Balance debit card purchases in a check register immediately to avoid overdrawing your account and paying fees.
Balance debit card purchases in a check register immediately to avoid overdrawing your account and paying fees.

What Happens When You Overdraw your Bank Account

Simply put, if your account goes negative at any point, you're going to pay for it. Regardless if your checking account is with a bank or credit union. A credit union will charge you less and work with you more, but the process of how one overdraws is still the same..

You will pay overdraft fees for each item that clears your account or is returned from your account. Items can be checks you wrote, ATM withdrawals, automatic withdrawals, or debit card purchases.


Let’s assume the bank OD fee is $35.00 (which is the current average) and the daily OD fee is $5.00. Yes, the bank can charge you for each day you are overdrawn up to 7 days.

Let’s say you have $25.00 in your account and a check, which you forgot all about, clears for $30.00. Let’s assume the bank pays this check for you and charges you a $35.00 fee. You now owe the bank $40.00. But since you forgot about this check, you think you have money. So, you go and get $20.00 in gas. We will assume you’re opted-in (see below) so the bank also pays this item, but charges another $35.00 to do so. Now you owe the bank $40.00 + $20.00 + $35.00 = $95.00. Let’s say it takes 5 days for you to realize your account is overdrawn. This is about how long it would take a notice to arrive in the mail. The bank will charge you $5.00 per day (usually for 7 days) until the account is positive. So now you owe the bank $95.00 + $25.00 = $120.00, assuming nothing else clears the account. How does it feel to give the bank $95.00 in fees? Seem criminal?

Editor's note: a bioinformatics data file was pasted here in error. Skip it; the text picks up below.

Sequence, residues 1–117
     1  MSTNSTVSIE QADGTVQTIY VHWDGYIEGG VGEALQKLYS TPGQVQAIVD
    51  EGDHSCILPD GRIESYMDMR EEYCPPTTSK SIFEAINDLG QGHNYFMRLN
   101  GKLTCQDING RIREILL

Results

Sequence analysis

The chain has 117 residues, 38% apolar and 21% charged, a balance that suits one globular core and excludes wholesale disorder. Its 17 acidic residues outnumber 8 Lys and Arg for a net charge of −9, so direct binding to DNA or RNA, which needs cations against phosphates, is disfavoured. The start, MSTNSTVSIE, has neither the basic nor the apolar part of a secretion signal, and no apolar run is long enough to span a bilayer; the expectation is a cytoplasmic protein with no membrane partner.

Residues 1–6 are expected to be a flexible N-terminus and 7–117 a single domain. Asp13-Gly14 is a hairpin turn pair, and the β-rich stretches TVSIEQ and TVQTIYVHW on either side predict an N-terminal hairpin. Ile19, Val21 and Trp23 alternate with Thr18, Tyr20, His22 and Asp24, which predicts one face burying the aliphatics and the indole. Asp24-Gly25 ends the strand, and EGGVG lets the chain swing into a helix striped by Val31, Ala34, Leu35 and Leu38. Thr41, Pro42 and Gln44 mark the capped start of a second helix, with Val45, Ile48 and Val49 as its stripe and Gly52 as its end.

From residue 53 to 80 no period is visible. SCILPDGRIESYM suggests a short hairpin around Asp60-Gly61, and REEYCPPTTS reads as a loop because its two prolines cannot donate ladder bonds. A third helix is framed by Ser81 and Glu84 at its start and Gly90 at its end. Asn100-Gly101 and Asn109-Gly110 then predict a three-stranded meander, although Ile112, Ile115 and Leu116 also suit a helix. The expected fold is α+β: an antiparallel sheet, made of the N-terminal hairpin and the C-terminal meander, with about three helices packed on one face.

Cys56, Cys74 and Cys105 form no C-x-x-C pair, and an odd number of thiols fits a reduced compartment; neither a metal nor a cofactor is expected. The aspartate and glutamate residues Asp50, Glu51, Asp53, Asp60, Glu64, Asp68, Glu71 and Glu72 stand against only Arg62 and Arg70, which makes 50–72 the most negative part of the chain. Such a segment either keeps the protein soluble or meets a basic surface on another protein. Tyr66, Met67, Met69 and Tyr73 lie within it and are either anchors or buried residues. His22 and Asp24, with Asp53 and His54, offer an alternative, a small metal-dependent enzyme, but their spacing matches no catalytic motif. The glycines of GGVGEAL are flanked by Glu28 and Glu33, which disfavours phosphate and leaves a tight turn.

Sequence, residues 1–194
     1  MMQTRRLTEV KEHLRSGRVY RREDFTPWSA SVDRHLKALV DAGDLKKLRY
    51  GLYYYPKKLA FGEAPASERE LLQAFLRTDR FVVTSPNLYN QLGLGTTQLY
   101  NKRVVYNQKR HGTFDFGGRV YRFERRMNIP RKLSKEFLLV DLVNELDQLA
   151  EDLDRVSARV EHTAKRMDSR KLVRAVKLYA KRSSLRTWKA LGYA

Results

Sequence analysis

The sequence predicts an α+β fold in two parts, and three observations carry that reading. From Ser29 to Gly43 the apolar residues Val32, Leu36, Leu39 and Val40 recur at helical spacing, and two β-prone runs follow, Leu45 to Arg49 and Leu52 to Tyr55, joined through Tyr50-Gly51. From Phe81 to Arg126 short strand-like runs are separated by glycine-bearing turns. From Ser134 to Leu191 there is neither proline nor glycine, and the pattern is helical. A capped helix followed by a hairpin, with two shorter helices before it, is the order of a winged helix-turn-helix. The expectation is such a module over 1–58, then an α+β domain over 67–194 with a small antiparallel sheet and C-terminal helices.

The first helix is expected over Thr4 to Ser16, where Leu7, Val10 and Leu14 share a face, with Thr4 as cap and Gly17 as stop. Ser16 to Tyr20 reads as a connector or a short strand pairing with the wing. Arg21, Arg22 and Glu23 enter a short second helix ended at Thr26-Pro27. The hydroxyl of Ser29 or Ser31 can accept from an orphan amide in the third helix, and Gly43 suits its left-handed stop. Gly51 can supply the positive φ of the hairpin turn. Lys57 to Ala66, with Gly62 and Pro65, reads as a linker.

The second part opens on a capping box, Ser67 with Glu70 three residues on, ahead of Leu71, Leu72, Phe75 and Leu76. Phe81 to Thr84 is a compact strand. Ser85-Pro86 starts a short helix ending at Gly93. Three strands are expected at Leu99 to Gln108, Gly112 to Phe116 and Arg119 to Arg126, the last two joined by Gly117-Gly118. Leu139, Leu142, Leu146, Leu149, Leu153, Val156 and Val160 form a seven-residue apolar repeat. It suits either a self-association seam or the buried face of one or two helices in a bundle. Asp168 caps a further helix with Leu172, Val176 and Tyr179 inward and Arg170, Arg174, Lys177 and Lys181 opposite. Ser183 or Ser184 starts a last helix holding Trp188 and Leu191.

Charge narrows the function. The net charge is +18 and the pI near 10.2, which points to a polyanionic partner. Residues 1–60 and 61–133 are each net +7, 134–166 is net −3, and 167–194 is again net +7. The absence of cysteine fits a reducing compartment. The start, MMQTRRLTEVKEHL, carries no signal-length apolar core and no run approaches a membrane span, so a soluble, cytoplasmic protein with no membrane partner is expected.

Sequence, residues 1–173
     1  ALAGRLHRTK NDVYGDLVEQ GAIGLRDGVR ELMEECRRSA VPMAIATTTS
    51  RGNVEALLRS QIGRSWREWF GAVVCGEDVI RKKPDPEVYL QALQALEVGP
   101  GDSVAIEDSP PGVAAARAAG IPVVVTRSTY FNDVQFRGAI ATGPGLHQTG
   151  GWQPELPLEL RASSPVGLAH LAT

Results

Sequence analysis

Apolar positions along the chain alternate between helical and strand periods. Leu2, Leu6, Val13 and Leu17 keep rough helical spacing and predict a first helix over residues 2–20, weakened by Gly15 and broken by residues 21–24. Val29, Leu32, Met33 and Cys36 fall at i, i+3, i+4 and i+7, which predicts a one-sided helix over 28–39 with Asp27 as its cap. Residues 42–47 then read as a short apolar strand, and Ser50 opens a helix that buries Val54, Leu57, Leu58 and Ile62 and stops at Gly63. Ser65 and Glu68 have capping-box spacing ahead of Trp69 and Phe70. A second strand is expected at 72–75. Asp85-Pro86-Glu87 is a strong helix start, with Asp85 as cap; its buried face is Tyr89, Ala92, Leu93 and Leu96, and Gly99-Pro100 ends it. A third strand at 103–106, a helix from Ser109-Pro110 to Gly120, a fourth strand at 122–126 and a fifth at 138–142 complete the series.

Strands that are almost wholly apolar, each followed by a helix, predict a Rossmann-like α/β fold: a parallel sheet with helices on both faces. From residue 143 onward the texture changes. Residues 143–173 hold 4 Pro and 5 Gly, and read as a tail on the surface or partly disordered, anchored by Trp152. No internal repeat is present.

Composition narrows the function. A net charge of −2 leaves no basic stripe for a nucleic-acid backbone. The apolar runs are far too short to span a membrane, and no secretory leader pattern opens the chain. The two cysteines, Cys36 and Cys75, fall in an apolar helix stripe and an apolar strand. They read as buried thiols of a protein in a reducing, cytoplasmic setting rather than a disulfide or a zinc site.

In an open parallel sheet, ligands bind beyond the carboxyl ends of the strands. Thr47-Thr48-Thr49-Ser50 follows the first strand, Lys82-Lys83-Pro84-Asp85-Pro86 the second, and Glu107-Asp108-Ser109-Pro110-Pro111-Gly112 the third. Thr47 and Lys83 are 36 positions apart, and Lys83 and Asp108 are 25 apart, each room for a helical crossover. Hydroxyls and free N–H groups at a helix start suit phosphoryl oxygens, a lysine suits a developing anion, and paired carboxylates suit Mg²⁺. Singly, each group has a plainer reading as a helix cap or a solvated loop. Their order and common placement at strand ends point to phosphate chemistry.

Imagine if multiple items cleared the account? What if instead of one $20.00 gas purchase, you made four purchases of $5.00 each? You would pay the $35.00 fee four more times. $40.00 (original item and fee) + $20.00 (total of all 4 purchases) + $140.00 (fees for 4 purchases) + $25.00 (daily fee x 5 days) = $225.00. Ouch. Adds up fast doesn’t it?

This is so common it is referred to as the snowball effect. It might shock you to know that bank managers relish in this. They get bonuses for this. And it happens every day. I probably spent 25% of each day dealing with overdrafts in some way. When my overdrafts were up, I was praised.

Overdraft fees are paramount to your branch’s success and I’ll bet your favorite branch has a daily/weekly/monthly overdraft income quota. Trust me; your branch wants you to overdraw your account. My tellers would win pizza parties for achieving our branch overdraft goal.

Credit unions focus on earning profits off of loan interest rates. Profits are not there focus however as they are not-for-profit. They focus on serving members and communities. Banks boast being for profit and they aim to serve shareholders. Again, this is a fundamental difference.